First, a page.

MALONEY, C. A.; REES, W. D. Gene-nutrient interactions during fetal development. Reproduction, v.130, p.401-410, 2005.         [ Links ]

MATTHEWS, D. E. Observations of branched-chain amino acid administration in humans. J. Nutr., v.135, p.1580-1584, 2005.         [ Links ]

MOURIER, A.; BIGARD, A. X.; KERVILER, E.; ROGER, B.; LEGRAND, H.; GUEZENNEC, C. Y. Combined effects of caloric restriction and branchedchain amino acid supplementation on body composition and exercise performance in elite wrestlers. Int. J. Sports. Med., v.18, p.47-55, 1997.         [ Links ]

O'CONNOR, P. M. J.; KIMBALL, S. R.; SURYAWAN, A.; BUSH, J. A.; NGUYEN, H. V.; JEFFERSON, L. S.; DAVIS, T. A. Regulation of translation initiation by insulin and amino acids in skeletal muscle of neonatal pigs. Am. J. Physiol. Endocrinol. Metab., v.258, p.E40-E53, 2003.         [ Links ]

PHILLIPS, S. M. Protein requirements and supplementation in strength sports. Nutrition, v.20, p.689-695, 2004.         [ Links ]

PLATELL, C.; KONG, S. E.; MCCAULEY, R.; HALL, J. C. Branched-chain amino acids. J. Gastroenterol. Hepatol., v.15, p.706-717, 2000.         [ Links ]

PROUD, C. G. Regulation of mammalian translation factors by nutrients. Eur. J. Biochem., v.269, p.5338-5349, 2002.         [ Links ]

ROGERO, M. M.; TIRAPEGUI, J. Aspectos atuais sobre aminoácidos de cadeia ramificada e exercício físico. Rev. Bras. Cien. Farm., v.44, p.536-575, 2008        [ Links ]

ROSSI, L.; TIRAPEGUI, J. Aminoácidos de cadeia ramificada e atividade física. In: TIRAPEGUI, J. Nutrição, metabolismo e suplementação na atividade física. São Paulo: Editora Atheneu, 2005. p.153-161.         [ Links ]

SHIMOMURA, Y.; MURAKAMI, T.; NAGASAKI, M.; HONDA, T.; GOTO, H.; KOTAKE, K.;KUROKAWA, T.; NONAMI, T. Regulation of branched-chain amino acid metabolism and pharmacological effects of branched-chain amino acids. Hepatol. Res., v.30, p.3-8, 2004.         [ Links ]

SHIMOMURA, Y.; HARRIS, R. A. Metabolism and physiological function of branched-chain amino acids: discussion of session 1. J. Nutr., v.136, p.232S-233S, 2006.         [ Links ]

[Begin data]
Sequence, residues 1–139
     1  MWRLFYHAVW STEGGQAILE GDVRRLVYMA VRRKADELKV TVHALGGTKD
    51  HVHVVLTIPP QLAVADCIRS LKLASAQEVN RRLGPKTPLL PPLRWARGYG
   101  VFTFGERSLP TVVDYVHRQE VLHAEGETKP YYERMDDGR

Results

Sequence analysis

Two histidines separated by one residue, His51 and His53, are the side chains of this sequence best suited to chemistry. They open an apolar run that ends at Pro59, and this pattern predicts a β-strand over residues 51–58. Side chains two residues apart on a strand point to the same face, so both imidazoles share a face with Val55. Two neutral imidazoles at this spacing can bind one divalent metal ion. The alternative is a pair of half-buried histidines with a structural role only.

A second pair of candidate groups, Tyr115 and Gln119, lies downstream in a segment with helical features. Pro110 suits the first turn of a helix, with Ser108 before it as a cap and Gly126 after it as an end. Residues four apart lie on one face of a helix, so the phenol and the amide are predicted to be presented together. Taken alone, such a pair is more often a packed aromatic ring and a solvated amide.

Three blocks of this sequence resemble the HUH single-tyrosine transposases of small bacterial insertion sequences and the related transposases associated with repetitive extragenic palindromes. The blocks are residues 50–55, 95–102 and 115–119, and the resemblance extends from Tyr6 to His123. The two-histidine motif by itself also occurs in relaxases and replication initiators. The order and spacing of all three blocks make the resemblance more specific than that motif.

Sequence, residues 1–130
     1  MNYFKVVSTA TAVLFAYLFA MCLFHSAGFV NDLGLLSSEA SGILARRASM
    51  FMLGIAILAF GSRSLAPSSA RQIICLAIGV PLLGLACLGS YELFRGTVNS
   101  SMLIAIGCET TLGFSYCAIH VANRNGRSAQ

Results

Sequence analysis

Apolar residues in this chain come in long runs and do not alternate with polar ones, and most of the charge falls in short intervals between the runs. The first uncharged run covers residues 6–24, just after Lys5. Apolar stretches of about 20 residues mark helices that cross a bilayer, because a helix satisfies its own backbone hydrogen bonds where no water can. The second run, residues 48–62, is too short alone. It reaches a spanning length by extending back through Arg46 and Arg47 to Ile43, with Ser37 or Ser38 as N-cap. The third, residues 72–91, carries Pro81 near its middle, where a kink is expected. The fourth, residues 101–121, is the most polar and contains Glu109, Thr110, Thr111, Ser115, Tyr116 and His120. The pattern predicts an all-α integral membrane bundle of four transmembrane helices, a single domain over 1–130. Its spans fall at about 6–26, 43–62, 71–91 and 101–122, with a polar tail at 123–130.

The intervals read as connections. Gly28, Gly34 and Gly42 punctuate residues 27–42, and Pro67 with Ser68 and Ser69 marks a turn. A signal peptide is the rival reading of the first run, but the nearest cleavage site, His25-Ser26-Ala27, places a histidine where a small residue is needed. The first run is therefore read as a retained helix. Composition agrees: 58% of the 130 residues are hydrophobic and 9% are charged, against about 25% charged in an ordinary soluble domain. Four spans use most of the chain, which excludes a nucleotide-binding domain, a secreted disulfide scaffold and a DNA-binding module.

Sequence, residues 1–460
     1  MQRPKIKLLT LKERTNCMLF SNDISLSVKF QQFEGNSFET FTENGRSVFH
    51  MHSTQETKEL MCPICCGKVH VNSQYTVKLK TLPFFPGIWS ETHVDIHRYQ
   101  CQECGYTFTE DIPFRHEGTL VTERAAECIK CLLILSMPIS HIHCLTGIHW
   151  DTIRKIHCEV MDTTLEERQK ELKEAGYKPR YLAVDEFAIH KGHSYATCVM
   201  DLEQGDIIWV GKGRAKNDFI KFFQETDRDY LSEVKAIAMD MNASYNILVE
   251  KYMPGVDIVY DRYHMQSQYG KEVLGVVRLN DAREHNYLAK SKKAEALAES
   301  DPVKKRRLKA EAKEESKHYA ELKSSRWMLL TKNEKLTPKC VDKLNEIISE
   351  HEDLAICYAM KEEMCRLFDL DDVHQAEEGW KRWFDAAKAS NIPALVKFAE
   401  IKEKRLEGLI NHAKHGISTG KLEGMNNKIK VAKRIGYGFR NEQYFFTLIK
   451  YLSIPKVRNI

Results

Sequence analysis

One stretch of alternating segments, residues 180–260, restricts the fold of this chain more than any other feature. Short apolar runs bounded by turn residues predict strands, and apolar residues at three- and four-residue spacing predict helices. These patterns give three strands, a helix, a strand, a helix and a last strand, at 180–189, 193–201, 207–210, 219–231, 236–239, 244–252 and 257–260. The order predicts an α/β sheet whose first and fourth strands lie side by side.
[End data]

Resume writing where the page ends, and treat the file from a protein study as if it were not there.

SMITH, C.; MARKS, A.; LIBERMAN, M. Mark´s Basic Medical Biochemistry - A Clinical approach. (2.ed.) Baltimore: Lippincott Williams & Wilkins, 2005. p.712-730.         [ Links ]

STIPANUK, M. H. Leucine and protein synthesis: mTOR and Beyond. Nut. Rev., v.65, p.122-129, 2007.         [ Links ]

VENTRUCCI, G.; MELLO, M. A. R.; GOMES-MARCONDES, M. C. C. Leucine-rich diet alters the eukaryotic translation initiation factors expression in skeletal muscle of tumour-bearing rats. Bio. Med. Central. Cancer, v.7, p.42-46, 2007.         [ Links ]

WESTERTERP-PLANTENGA, M. S.; LEJEUNE, M. P.; NIJS, I.; OOIJEN, M.; KOVACS, E. M. High protein intake sustains weight maintenance after body weight loss in humans. Int. J. Obes. Relat. Metab. Disord., v.281, p.57-64, 2004.         [ Links ]

ZICK, Y. Uncoupling insulin signalling by serine/threonine phosphorylation: a molecular basis for insulin resistance. Biochem. Soc. Trans., v.32, p.812-816, 2004.         [ Links ]

YANG, O.; GUAN, K. L. Expanding mTOR signaling. Cell Res., v.17, p.666-681, 2007.         [ Links ]



Received for publication on 05th november 2008
Accepted for publication on 25th june 2009



* Correspondence: J. Tirapegui. Departamento de Alimentos e Nutrição Experimental, Faculdade de Ciências Farmacêuticas - USP. Av. Prof. Lineu Prestes, n. 580 - Bloco 14 - 05508-900 - São Paulo - SP, Brazil. E-mail:

Creative Commons License All the contents of this journal, except where otherwise noted, is licensed under a Creative Commons Attribution License